Issue dated 28th. January 2015 As published in Financial Mirror, Nicosia
In 2002, Janet Bureau, a food loving friend who is also a cook of some considerable skill, resident near Limassol invited us to an al fresco lunch of Lebanese food cooked by a young friend of hers. This included traditional favourites like Kibbeh, Fattoush, Tabouleh and Mahshi (see Note). The cook, of a very international background was Elena, whose Lebanese husband Bassam was not (then) involved with the food, which was pretty good. The intention of the lunch was to showcase Elena’s intended “cook-a-meal-for-your-party-or-function” business. Opened in 2003, this slowly took off in the next few years, to the point where Bassam gave up his day job and the foodie business, based on the couple’s home and gardens in Droushia, has blossomed. The food is of a consistently high standard.
Unlike their counterparts in Britain, the USA and other countries, most people who run restaurants, hotels, food and wine companies in Cyprus do not think that articles in newspapers, magazines and other media help their business (Maybe this has something to do with there being an economic crises in Cyprus?). Elena and Bassam do not agree, and I and other journalists hear regularly from them. Their latest bulletin shows their enormous energy, creativity and enterprise.
“We’re looking forward to a year filled with great food, wonderful nights at Orexi’s Home Base in Droushia. Plus: Cookery Workshops; Foraging trips looking for all sorts of wild greens; expeditions to goat farms to watch halloumi being made and lots more….
We couldn’t do it without our band of loyal and passionate gastronomes so thank you for your continued support. Please let us know if there’s anything you’d like us to improve here at ‘Orexi’ – constructive criticism is always welcome! We’re willing to take on board suggestions for new foods, recipes and gourmet ideas – if there’s something you’d like to eat: we’ll cook it; if there’s a recipe you’d like to learn we’ll hold a cooking class to accommodate you.
If you’d like to eat with ‘Orexi’ but don’t fancy the journey up to the hills then we can come to you… Remember, we’re finely tuned outside caterers with 12 years of weddings and parties behind us; we can provide you with an intimate dinner party, a casual barbecue or a mouth-watering lunch for any occasion for as little as 25euro per person!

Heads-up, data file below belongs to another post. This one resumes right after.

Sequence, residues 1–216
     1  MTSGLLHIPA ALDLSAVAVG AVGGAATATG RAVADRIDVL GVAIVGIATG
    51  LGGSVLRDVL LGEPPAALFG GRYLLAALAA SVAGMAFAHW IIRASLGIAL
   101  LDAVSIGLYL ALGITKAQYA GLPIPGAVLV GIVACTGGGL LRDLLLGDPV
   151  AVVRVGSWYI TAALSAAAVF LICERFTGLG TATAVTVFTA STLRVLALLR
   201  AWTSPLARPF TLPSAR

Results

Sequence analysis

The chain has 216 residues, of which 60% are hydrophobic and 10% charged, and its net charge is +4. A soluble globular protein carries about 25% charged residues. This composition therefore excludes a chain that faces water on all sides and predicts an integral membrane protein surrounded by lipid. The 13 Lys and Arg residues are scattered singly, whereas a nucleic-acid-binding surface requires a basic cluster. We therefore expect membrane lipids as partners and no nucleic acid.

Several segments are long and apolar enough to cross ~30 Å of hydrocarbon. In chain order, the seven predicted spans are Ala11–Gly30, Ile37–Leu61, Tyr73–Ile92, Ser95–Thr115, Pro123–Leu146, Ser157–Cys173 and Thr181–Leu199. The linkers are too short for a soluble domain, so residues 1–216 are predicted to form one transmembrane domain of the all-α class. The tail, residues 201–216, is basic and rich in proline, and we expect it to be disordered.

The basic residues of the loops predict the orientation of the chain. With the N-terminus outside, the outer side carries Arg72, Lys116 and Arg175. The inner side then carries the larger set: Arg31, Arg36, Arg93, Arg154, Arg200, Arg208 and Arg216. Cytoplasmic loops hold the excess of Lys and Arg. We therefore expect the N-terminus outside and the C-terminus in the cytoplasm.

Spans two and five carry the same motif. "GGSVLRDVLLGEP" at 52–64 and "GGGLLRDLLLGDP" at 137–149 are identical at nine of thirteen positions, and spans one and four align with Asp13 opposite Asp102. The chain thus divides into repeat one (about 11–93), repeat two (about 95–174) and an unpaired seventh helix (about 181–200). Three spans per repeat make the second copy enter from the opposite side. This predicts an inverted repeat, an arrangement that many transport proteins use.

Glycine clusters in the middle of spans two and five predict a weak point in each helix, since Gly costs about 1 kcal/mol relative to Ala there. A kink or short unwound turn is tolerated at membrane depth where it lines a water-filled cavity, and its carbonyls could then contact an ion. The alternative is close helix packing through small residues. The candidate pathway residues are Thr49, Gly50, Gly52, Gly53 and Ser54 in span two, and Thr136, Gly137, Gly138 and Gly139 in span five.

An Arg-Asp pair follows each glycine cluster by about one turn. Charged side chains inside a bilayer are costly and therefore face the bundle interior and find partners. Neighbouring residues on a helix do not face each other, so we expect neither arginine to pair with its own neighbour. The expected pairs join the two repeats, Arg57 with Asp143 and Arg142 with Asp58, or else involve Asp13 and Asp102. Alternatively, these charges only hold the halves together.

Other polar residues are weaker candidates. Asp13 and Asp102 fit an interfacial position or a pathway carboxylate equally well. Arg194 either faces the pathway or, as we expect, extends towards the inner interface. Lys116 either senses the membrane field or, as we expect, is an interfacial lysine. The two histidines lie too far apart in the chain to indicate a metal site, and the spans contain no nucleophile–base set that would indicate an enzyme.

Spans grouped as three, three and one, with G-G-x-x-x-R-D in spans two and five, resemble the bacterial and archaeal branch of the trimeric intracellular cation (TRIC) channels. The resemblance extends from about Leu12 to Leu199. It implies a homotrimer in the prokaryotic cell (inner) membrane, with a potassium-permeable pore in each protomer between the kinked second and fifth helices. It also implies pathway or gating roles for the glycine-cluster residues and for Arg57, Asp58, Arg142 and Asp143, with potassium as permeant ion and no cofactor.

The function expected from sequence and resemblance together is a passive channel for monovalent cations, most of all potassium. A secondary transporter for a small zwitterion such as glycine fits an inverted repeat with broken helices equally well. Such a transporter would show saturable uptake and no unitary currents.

We’ll be at the Farmer’s Market at the Herb Garden in Pano Akhourdhalia on Sunday 1st February, the menu is attached so please let us know if you’d like a specific food item reserved – we sell out pretty fast! And as you know it’s impossible to bring down the whole contents of the ‘Orexi’ Pantry so if there’s a particular preserve, chutney or liqueur you need to stock up on, give us a shout so we can bring it with us”
Contact Bassam and Elena at Orexi:
Kibbeh: seen in this photo, of part of Elena’s Mezze Table, are meat balls made from a casing of pounded lamb meat mixed finely with pounded bulgar wheat, stuffed with a mixture of cooked minced lamb and onion with mint, cinnamon and other fklavourings. The Kibbeh are baked in butter in the oven. They can be quite small (made by ladies with slim little fingers!) to quite substantial.
Tabbouleh (front right in the photo): a very finely chopped salad of cucumber, parsley, mint, tomarto (optional), salad onions, Bulgar Wheat, olive oil, lemon jioce, salt and pepper.
Hummus (front left): a blended purée of chick peas, garlic, tahini, oil, lemon juice, salt and pepper.
Moutabal (at the back of photo); purée of cooked aubergine, seared over flame or griddled, tahini, oil, garlic, salt and pepper.
Crushed green Lebanese olives, marinated with garlic.
“Mahshi” is Arab word for “Stuffed” – “Yemistes”. Their method of rolling up a mixture of spiced lamb and rice in leaves of several sorts – cabbage, lettuce, spinach, fresh and brined vine leaves, or in hollowed out courgettes, potatoes, tomatoes, aubergines and squash – is my personal favourite.
Fattoush, pictured with grilled Halloumi: a salad of quite well sliced/chopped lettuce (sometimes with slivers of cannage included), tomato, cucumber, salad onions, dressing and slivers of toasted or fried Arab bread.
Fattoush is often served with grilled chicken which has been marinated in oil and a mixture of dried thyme, sesame seeds, sumac, salt and olive oil called Za’atar”. So simple, so delicious. It is now available quite widely and worth searching for. It can be bought on-line, too.
DON’T BE SHY……
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